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Michael Resch

Photo of Michael Resch

Michael Resch holds a Ph.D. in Biochemistry and Molecular Biology from Colorado State University. His dissertation work focused on the biophysical and structural properties of nucleosomes and chromatin arrays in vitro in the laboratories of Dr. Karolin Luger and Dr. Jeffery Hansen at Colorado State University.

Dr. Resch's NREL career began in 2008 as a postdoctoral researcher working on cellulase and hemicellulase enzyme characterization working on projects funded by the Department of Energy through the BioEnergy Science Center (BESC) and the Bioenergy Technologies Office (BETO). In early 2011, he was hired as a research scientist and has focused on comparing the saccharification mechanisms between free fungal and complexed bacterial enzyme systems. He uses protein crystallography, small-angle X-ray scattering, analytical ultracentrifugation, FPLC, HPLC, TEM, SEM, and poly-acrylamide gel electrophoresis to characterize the biophysical nature of these systems. The ultimate goal of these studies is to improve the hydrolysis efficiency of cellulase and hemicellulase enzyme digestion of biomass. This work will help NREL lower the industrial cost of lignocellulosic enzyme conversion of biomass to sugars for biofuel production.

Another source of terrestrial carbon in biomass is in the form of lignin. Lignin has historically been used for heat and power in an industrial setting. Dr. Resch is also involved in investigating biological lignin depolymerization with the ultimate goal of converting lignin into value added fuels or chemicals.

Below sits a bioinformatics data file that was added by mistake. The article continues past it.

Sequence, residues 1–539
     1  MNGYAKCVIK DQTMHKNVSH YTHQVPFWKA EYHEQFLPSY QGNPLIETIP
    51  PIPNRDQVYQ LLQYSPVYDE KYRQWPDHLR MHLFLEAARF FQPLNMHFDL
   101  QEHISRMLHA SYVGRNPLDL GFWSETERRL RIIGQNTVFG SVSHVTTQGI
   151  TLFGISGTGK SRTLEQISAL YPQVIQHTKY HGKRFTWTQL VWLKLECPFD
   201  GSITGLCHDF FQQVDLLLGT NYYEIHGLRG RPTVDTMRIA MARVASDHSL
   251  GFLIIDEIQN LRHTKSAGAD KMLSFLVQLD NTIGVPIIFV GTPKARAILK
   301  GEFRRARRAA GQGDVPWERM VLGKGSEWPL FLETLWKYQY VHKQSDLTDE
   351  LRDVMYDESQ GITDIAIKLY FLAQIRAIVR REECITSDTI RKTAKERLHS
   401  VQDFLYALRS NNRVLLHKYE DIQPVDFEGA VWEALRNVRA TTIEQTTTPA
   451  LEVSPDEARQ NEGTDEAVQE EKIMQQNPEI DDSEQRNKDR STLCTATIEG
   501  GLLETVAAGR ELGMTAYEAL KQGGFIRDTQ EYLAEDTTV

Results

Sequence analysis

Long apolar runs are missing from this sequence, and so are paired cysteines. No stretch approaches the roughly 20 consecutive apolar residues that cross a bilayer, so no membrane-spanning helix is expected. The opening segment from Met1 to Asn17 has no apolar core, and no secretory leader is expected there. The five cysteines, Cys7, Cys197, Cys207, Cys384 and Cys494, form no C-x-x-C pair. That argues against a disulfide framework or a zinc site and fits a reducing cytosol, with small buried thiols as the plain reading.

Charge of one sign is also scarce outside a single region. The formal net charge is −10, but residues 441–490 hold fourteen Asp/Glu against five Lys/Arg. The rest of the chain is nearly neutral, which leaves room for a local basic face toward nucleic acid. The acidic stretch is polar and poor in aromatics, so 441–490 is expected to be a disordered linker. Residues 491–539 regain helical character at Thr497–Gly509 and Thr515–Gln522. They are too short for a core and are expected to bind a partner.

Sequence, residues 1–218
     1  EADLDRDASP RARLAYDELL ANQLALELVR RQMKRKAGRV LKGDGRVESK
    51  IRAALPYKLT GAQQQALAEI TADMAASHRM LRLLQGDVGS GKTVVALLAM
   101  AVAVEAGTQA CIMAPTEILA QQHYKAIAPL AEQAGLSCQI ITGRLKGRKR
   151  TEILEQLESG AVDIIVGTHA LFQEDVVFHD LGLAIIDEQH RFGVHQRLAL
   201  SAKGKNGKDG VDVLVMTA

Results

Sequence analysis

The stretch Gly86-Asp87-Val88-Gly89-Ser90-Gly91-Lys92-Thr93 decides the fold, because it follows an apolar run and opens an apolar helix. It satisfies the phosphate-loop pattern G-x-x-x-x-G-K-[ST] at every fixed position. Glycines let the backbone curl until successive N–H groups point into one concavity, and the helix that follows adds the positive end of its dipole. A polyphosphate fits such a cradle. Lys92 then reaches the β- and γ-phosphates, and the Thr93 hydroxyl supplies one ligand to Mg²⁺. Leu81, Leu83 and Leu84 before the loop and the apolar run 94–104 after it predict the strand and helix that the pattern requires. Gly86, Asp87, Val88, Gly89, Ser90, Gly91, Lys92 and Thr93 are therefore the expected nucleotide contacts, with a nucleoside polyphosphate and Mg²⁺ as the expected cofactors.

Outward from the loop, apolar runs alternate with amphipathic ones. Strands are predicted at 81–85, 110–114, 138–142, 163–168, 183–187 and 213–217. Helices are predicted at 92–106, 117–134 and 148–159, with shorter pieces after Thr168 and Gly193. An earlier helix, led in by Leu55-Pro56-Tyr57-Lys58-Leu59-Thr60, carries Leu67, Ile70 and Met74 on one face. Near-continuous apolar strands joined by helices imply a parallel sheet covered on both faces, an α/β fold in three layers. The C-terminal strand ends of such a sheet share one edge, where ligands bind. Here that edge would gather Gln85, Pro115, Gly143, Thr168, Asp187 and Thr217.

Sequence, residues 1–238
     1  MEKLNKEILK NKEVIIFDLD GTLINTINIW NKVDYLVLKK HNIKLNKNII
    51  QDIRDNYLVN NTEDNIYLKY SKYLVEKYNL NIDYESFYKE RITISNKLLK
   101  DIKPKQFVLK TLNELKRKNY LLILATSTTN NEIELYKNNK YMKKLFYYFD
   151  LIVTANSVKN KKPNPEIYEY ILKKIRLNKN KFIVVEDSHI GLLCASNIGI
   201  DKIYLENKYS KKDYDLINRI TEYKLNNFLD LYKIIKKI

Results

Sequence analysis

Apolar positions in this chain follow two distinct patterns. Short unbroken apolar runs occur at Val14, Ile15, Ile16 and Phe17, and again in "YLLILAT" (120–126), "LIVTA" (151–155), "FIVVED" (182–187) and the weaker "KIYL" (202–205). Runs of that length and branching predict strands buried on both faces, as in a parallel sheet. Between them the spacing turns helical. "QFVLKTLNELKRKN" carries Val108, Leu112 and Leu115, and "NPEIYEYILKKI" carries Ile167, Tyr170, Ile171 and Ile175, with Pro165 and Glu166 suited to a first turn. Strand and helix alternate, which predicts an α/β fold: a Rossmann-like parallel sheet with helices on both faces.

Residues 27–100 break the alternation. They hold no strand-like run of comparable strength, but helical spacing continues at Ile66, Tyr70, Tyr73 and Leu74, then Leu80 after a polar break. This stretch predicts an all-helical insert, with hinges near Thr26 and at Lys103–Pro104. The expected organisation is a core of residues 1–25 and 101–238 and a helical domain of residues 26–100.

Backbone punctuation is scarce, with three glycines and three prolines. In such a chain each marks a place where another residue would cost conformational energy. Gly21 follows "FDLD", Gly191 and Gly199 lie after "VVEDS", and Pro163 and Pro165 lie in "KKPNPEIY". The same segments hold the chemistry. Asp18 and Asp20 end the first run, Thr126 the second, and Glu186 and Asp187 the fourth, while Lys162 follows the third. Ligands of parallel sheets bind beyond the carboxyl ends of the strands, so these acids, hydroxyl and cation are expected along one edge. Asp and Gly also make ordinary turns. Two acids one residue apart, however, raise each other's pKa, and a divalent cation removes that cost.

In 2014 Dr. Resch became the Section Supervisor of the Bioprocess Research Group in NREL's National Bioenergy Center. The researchers in this diverse group are involved with microbial development of photobiological and fermentation applications.

Research Interests

Illustration of plant cell walls before and after pretreatment and models of hydrolysis by free (red) and complexed (blue) enzyme systems

Illustration of plant cell walls before and after pretreatment and models of hydrolysis by free (red) and complexed (blue) enzyme systems. Free enzymes with single CBMs and catalytic units hydrolyze cell wall polysaccharides by utilizing endoglucanases and CBHs to react with accessible cellulose surfaces. Complexed enzymes with multiple catalytic and binding specificities likely have lower off-rates, and once bound at multiple points of contact, disrupt the biomass surface resulting in an increase in surface area. Combining these two enzyme paradigms on pretreated biomass synergistically deconstructs the cell walls by increasing the reactive surface area allowing free enzymes to better diffuse and processively hydrolyze the substrate. Also, by removing the majority of the lignin and hemicellulose from the cellulose fraction, CF enhances the cellulose activity enabling the benefits of combining these two deconstruction mechanisms [Resch, M. G., et al., (2014), ACS Sustainable Chemistry and Engineering].

Accepted Peer-Reviewed Publications